Pubdate: Wed, 12 Sep 2012
Source: Coquitlam Now, The (CN BC)
Copyright: 2012Lower Mainland Publishing Group, Inc.
Author: Susan Croll
Page: A7


Two horrible events deeply affected me this week, and both incidents
involved guns and killing people, in places that are or have been home
to me.

The first was the shooting of two men resulting in the death of Denis
Blanchette at the Parti Quebecois celebration at the Metropolis in
Montreal - the city where I grew up.

The second was even closer to my present home - in fact, right in my
own neighbourhood in Port Moody. If reports are accurate, a
32-year-old man was gunned down in front of his father and girlfriend
as they ate breakfast together.

What allowed these murders to occur so easily is simple: the killers
used guns to target and kill their victims. The bullets from these
guns killed these men; the perpetrators did not have to look their
victims in the eye, they did not have to touch them, watch them bleed,
cry out in pain, take their last breath, to let any moment pass
between them except for pulling the trigger and then, to flee the scene.

Would the killers have been so bold and cold-blooded if they were
required to use their bare hands? No, it was this shiny yet powerful
piece of steel that afforded them the bravado to carry out what they
did. I am not declaring that acts of murder are honourable or
excusable if weapons are not employed, but rather that having a
high-calibre weapon in your hand makes execution-style killings
efficient and sterile for the killer.

I am also weary of hearing people, including media and police, state
that victims "were known to police" as if this statement alone somehow
dismisses the seriousness of the killings and tidily puts the killed
into the category of the "deserving dead."

I realize that police use this statement in order to instill a sense
of safety and calm after a shooting, but really, here in Port Moody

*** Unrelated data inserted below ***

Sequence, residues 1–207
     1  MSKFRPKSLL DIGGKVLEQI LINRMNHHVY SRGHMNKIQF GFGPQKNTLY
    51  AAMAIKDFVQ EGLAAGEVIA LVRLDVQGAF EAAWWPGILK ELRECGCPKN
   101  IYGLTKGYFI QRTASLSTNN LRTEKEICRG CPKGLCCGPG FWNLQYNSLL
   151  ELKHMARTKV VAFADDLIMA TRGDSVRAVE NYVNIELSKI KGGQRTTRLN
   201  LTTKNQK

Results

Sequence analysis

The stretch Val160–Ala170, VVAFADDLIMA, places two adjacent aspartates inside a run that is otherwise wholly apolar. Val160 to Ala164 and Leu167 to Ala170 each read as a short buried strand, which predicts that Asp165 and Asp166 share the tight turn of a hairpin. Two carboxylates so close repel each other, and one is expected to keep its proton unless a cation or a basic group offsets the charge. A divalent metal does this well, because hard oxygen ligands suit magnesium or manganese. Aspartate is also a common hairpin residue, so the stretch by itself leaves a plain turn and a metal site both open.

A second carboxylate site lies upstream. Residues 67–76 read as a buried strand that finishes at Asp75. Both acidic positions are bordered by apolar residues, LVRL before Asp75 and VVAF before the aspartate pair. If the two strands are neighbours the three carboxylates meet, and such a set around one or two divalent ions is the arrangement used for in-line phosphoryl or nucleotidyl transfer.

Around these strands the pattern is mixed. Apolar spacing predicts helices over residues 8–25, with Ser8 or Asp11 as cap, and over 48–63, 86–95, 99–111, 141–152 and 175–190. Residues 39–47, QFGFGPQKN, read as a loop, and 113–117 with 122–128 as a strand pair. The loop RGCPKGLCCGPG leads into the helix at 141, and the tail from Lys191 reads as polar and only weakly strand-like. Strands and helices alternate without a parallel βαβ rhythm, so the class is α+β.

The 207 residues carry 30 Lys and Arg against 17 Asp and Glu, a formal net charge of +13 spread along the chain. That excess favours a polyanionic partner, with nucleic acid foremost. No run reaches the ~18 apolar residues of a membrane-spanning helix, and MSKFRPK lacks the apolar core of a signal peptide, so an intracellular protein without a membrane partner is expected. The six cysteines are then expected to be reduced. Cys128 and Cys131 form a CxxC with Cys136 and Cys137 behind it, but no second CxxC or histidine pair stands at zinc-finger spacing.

after our third shooting fatality during the past months, it is
wearing rather thin.

What can we do? First and foremost, forget about gun registries - it's
time to put a moratorium on gun production and to stop the import of
weapons. Make gun and weapon production and imports illegal. Radical?

Impossible? No.

Secondly, take the drug trade away from the criminal world. Clearly,
it is not working for users, for those dealing in the trade,
especially given the rates at which they are killed, and for
communities at large, whether they be Surrey, Kelowna, Vancouver or
Port Moody.

As long as drug commerce is left in the unregulated and private
market, this level of violence will continue.

And thirdly, not a single service for people with mental-health issues
should ever be cut again.

It's when people are left to cope on their own and become socially
isolated that murderous visions of grandeur can become possible and

We don't need anymore of this false courage that comes from the barrel
of a gun. Rather, we need to advocate for gun-free communities where
criminals don't run the drug business, and those with mental-health
issues are well supported, not isolated.

Susan Croll

Port Moody
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